Hurricane Ian relief volunteers, veterans of Team Rubicon still mopping up after nearly a month

Veterans drop everything and flock to Florida to help Hurricane Ian victims do the work they aren’t able to do.

After almost a month, veteran-led Team Rubicon is still in Florida helping survivors of Hurricane Ian. The Sunshine State is still scarred by the Category 4 storm which was the fourth-strongest hurricane ever to hit the U.S. But so many residents who suffered aren’t able to tarp roofs, muck-out homes, attack fallen trees with chainsaws or tear out wet drywall and carpeting.

"The entire road is just covered with trees," said Team Rubicon member Tony Aldinger from Port Charlotte three days after the devastating storm. "We just spoke to a neighbor with a handicapped daughter. He hasn't been able to get out, just was in tears and did not understand how we did this for free or could do this for free."

Team Rubicon organized five teams of volunteers and dispatched them across the state to Charlotte, Lee, Polk, Volusia and DeSoto Counties. About 70% of team members are veterans or active duty military, but 100% of the members are committed to helping Floridians return to normalcy.

The non-profit brings its equipment and supplies to hard-hit areas after natural disasters like Hurricane Ian. Sometimes the teams get to damaged neighborhoods before the evacuated residents do.

"What I really like about it, a lot of these homes around here they can’t even get into their driveways, let alone down their block. And here we are clearing the streets for them when they get back, they will be surprised," said Rob Carlo from New York and volunteering his time on Clearance Team 1. "We met a few of them, and they are so appreciative it makes it all worthwhile."


Marylin Stander and her daughter were trapped for days in their home outside of Orlando. She had no power, no phone, and fallen trees blocked the doors and driveway days after the storm.

"I am 86 years old, my daughter is with me, but we don’t cut trees. We can’t haul trash. But Team Rubicon came, and we are so thankful. Now we’ll be able to get out," she said. "Now we are free, and they did a wonderful job."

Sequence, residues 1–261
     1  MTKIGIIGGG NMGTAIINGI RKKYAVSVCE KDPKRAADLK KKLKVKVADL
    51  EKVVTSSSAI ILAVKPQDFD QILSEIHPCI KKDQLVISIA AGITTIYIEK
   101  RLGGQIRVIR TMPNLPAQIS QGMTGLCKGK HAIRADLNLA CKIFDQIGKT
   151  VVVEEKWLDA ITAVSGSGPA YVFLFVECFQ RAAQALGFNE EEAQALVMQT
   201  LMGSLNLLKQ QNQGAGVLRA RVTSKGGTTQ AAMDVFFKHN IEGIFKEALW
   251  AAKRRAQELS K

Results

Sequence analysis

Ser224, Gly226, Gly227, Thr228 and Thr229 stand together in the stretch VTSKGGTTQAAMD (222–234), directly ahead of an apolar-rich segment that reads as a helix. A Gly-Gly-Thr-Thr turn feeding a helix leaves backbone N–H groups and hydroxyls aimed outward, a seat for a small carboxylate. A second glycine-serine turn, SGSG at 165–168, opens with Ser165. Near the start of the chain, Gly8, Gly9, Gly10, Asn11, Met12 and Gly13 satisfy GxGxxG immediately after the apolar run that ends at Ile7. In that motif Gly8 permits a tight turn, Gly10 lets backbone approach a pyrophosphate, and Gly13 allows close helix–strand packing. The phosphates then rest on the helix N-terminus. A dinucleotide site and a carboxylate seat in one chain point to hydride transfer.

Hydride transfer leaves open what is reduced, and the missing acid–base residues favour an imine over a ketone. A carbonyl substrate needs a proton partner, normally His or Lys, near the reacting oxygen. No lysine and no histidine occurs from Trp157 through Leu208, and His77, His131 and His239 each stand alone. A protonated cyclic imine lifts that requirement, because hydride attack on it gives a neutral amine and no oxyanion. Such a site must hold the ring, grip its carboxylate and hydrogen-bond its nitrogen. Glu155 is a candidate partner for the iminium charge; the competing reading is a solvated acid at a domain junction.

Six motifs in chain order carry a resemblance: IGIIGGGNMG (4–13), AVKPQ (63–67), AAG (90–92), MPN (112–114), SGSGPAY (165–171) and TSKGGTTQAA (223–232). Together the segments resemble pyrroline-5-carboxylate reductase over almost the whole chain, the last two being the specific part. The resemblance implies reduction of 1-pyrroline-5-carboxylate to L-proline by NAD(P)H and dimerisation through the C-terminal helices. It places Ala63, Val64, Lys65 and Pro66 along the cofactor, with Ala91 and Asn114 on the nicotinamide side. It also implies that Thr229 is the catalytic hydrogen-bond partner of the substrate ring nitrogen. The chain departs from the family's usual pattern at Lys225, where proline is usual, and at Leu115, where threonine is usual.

Shocking scenes from Fort Myers Beach of homes torn to skeletons and feet-deep flooding around Orlando have dominated the news coverage. Some hard-hit areas not in the spotlight are thankful not to be overlooked by hurricane relief help from Team Rubicon in one of those places, Volusia County told FOX Weather Monday.


"They just need that support and that acknowledgment that that something happened, and they don't want to be forgotten," said Neider. "So we are here trying to make sure that we can help the people that we can and to make sure that we are doing the very best with the resources that we have."

Neider expects the teams to be in Florida through November, at least.

"The Saint John's River is still above flood stage. And so we do still see some areas that homes still have standing water in them," she said a month after Ian. "So we have been focusing on getting into the homes that we can, doing some hard work."


"This is going to be a long fight," echoed team member Art De La Cruz. "So, I encourage each of you to look at your calendar and figure out if you can donate some of your time and energy over the coming months to help Florida in their recovery."

Team Rubicon accepts volunteers across the U.S. to respond to disasters. Their disaster response site states that most deployments are for a week, but there is no minimum commitment time. 

Haiti’s 2010 earthquake prompted the founders to establish the humanitarian organization. Over 150,000 U.S. volunteers have aided over 1,100 operations worldwide.